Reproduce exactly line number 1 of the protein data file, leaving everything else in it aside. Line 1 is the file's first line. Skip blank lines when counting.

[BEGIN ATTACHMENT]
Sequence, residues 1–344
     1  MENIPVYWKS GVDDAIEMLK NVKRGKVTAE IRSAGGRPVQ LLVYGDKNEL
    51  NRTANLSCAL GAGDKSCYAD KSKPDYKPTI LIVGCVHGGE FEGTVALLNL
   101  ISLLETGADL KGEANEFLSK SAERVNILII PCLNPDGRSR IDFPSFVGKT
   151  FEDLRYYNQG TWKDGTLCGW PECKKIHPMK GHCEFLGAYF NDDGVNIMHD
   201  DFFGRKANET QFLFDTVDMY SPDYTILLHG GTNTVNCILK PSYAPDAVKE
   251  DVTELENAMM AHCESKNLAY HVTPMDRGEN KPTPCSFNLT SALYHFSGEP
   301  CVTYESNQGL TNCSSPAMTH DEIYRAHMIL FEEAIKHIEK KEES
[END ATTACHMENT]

Sequence, residues 1–344